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Duration:04:18
Uploaded:2015-09-14
Last sync:2018-11-26 19:20
Learn how to make a great paper airplane, and find out what makes it fly!
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(SciShow Kids Intro plays)

Jessi: Hey guys, Squeaks and I are making paper airplanes! We're trying to make different kinds and see how high they fly. You want to join us? Just grab some paper and we'll make one together.

Let's start by folding the paper in half, kind of like a hot dog bun. Then, unfold it again and lay it flat. Now, fold down the top two corners. Try to line up each corner so that it reaches all the way to the fold in the middle.

Now stop and take a look. So far you should have a piece of paper that looks like a square at the bottom with two triangles on top, If that's what yours looks like, then let's keep going. Find the outer corner of each triangle and fold the triangle over so that corner touches the middle fold too. Now, close up your paper and flip it over. Fold down each side, just about half way, to make wings.

And you've got a paper airplane. Let's see how it does. That was pretty good, but how does a paper airplane fly? Well, it's all about forces. And in fact, the forces that help paper airplanes glide are the same ones that keep a real airplane flying high in the sky.

A force is something that pushes or pulls on something else, and there are a couple of different forces that act on your paper airplane to make it fly. First, you need a force that creates forward movement. That kind of force is called thrust. In real airplanes, thrust is created by engines which make the jet move forward by taking in a bunch of air and then pushing it out the back really fast.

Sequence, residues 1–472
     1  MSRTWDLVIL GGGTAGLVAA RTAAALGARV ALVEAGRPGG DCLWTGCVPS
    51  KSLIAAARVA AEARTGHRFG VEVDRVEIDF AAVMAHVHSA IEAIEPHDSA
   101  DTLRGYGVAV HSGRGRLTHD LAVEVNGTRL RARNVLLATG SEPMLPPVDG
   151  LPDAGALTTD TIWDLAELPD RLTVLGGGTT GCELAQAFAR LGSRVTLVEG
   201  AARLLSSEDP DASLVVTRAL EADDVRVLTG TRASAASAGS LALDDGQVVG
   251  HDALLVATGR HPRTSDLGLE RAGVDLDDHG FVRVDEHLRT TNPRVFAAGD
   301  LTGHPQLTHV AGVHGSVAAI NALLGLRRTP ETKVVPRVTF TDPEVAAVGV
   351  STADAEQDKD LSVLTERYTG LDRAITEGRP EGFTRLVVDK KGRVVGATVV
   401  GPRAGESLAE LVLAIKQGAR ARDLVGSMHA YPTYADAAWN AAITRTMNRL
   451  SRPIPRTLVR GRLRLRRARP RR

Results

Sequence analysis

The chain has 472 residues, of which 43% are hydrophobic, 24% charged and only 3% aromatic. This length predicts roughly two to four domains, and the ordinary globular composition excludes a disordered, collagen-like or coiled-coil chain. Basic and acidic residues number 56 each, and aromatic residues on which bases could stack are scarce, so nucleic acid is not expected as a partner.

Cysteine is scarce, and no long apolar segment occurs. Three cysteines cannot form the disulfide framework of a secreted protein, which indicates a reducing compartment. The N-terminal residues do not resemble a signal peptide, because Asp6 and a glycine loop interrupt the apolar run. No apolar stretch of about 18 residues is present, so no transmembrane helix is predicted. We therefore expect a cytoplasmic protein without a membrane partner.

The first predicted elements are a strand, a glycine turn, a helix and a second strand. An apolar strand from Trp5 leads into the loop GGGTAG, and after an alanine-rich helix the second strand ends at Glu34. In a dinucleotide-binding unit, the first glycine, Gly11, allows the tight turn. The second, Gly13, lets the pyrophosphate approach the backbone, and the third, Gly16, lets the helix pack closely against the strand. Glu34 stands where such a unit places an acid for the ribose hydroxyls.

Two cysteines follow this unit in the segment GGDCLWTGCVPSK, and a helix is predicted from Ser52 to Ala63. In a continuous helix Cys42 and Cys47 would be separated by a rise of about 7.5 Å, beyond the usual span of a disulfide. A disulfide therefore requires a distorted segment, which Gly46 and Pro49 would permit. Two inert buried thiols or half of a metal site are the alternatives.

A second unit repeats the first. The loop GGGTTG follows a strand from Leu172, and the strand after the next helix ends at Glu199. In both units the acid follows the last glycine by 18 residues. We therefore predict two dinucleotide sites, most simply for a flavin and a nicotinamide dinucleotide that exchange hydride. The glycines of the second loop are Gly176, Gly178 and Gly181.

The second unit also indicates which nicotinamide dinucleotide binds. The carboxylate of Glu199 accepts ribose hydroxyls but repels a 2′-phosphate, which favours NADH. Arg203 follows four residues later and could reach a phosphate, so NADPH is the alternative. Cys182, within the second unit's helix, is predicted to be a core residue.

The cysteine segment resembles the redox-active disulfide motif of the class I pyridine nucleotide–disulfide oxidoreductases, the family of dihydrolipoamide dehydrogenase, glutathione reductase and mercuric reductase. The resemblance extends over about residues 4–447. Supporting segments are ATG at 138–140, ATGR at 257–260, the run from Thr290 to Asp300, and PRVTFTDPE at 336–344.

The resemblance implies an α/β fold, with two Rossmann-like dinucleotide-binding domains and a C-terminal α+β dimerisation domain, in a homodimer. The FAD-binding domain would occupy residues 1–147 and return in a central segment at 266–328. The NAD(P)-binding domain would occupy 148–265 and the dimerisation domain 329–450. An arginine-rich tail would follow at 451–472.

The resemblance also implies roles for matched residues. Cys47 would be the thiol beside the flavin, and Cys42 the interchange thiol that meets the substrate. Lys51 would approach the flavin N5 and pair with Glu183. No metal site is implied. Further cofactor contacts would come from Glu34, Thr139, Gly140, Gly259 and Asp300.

But our airplane is just made out of paper, no engines, so where are you going to get the thrust? That's right, from you. When you throw a paper airplane, you're providing the thrust by pushing the plane forward. After that initial push, your plane doesn't get any more thrust, it just glides, which is one of the reasons it eventually falls to the ground.

We don't just want our plane to go forward, we want it to float on the air, so we need another force to get our airplane flying high. This one's called lift, and it comes from the shape of the plane. Try making an unfolded piece of paper fly. It's hard. That's because the paper needs sturdy wings in order to fly, but when your airplane's wings slice through the air, they create lift.

As your plane moves, the wings push air out of the way, but the air has to go somewhere, so it quickly moves out of the way by moving up and over the wing, and the faster that air moves over the wing, the less time it has to push down on it, so the air above the wing is pushing on the wing less than the air below it. This force makes the plane go up. A big airplane needs more lift to get off the ground than a small airplane, that's why bigger planes need bigger wings.

Now, the plane that you and I made doesn't have a whole lot of lift because the wings are so thin, so in order to fly this airplane needs a whole lot of thrust, which means you need to throw it hard. But, there are lots of different ways to make paper airplanes, all with different shapes that make the most out of the forces that help them fly. So the next time you're looking for a fun indoor activity, just grab some paper and start folding, and if you come up with an airplane design that you're really proud of, send us a picture. And if you have any questions about anything at all, get an adult to help you leave a comment below or email us and kids@thescishow.com and we'll see you next time.